Background: The people of Bangladesh are currently exposed to high concentrations of arsenic and manganese in drinking water, as well as elevated lead in many regions. The objective of this study was to investigate associations between environmental exposure to these contaminants and neurodevelopmental outcomes among Bangladeshi children.
Methods: We evaluated data from 524 children, members of an ongoing prospective birth cohort established to study the effects of prenatal and early childhood arsenic exposure in the Sirajdikhan and Pabna Districts of Bangladesh. Water was collected from the family's primary drinking source during the first trimester of pregnancy and at ages 1, 12 and 20-40 months. At age 20-40 months, blood lead was measured and neurodevelopmental outcomes were assessed using a translated, culturally-adapted version of the Bayley Scales of Infant and Toddler Development, Third Edition (BSID-III).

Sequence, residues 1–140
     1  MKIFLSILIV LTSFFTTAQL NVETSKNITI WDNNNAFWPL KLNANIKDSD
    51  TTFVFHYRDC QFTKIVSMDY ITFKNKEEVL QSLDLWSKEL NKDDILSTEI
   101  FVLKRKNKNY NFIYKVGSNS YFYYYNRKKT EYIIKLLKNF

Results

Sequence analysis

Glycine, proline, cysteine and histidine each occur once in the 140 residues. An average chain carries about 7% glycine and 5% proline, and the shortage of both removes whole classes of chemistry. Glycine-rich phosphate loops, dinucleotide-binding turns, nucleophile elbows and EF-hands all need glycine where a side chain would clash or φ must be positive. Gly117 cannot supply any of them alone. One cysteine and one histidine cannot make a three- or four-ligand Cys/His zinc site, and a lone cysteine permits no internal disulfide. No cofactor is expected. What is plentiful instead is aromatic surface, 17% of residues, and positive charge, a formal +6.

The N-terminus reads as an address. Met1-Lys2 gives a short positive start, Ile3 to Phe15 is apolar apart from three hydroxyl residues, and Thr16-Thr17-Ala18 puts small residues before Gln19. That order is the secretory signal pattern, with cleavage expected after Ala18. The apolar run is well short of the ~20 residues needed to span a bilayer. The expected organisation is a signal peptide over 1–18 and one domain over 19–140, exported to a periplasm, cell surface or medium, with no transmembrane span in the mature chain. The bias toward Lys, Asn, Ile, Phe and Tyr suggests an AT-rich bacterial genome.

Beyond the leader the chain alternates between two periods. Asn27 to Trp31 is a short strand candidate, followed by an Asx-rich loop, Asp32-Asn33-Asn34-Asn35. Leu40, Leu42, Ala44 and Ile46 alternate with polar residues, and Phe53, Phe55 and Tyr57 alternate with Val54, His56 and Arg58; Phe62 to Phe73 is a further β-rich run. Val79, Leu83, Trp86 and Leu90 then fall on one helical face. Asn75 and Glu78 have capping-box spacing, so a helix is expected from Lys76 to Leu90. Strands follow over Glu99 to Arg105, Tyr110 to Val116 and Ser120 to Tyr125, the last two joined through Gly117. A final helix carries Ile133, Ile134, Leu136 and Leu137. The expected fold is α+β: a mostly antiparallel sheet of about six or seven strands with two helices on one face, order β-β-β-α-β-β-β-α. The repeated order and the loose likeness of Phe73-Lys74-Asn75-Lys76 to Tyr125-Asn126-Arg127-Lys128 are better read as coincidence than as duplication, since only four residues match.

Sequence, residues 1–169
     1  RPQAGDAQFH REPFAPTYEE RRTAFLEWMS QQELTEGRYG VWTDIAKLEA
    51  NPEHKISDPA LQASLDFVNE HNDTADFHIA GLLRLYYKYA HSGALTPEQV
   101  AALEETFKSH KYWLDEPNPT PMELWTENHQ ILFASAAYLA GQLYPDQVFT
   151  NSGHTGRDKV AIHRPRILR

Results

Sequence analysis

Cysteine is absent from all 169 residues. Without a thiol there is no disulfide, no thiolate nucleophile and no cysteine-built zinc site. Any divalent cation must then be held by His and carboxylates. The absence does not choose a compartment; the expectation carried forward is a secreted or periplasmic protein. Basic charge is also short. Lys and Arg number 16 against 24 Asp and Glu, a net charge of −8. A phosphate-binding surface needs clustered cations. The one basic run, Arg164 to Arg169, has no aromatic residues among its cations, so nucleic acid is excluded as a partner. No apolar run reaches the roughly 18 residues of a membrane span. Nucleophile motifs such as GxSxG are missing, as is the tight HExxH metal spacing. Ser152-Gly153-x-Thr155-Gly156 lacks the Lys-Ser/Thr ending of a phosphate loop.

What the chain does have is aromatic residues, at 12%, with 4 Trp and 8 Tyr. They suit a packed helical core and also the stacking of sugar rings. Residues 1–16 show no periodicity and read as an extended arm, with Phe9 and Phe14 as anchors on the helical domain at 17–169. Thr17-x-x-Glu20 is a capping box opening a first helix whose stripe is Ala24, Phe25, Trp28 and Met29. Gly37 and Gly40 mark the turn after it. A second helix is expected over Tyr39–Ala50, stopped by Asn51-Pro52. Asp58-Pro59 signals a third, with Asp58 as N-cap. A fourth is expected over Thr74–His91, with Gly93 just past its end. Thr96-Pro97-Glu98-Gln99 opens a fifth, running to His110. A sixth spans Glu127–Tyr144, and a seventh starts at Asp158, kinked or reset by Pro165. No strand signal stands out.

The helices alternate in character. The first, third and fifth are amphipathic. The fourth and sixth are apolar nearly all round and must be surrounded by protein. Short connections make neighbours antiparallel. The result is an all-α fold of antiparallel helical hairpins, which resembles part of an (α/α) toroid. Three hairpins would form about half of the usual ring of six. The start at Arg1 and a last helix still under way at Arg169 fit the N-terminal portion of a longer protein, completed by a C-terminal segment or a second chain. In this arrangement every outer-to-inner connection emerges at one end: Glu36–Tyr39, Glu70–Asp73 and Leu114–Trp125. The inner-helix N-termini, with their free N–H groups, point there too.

Results: Median blood lead concentrations were higher in Sirajdikhan than Pabna (7.6 vs. <LODμg/dL, p <0.0001) and water arsenic concentrations were lower (1.5 vs 25.7 μg/L, p <0.0001). Increased blood lead was associated with decreased cognitive scores in Sirajdikhan (β = -0.17, SE = 0.09, p = 0.05), whereas increased water arsenic was associated with decreased cognitive scores in Pabna (β = -0.06, SE = 0.03, p = 0.05). Water manganese was associated with fine motor scores in an inverse-U relationship in Pabna.
Conclusion: Where blood lead levels are high, lead is associated with decreased cognitive scores on the BSID-III, and effects of other metals are not detected. In the setting of lower lead levels, the adverse effects of arsenic and manganese on neurodevelopment are observed.
Keywords: Arsenic; Cognitive function; Lead; Manganese.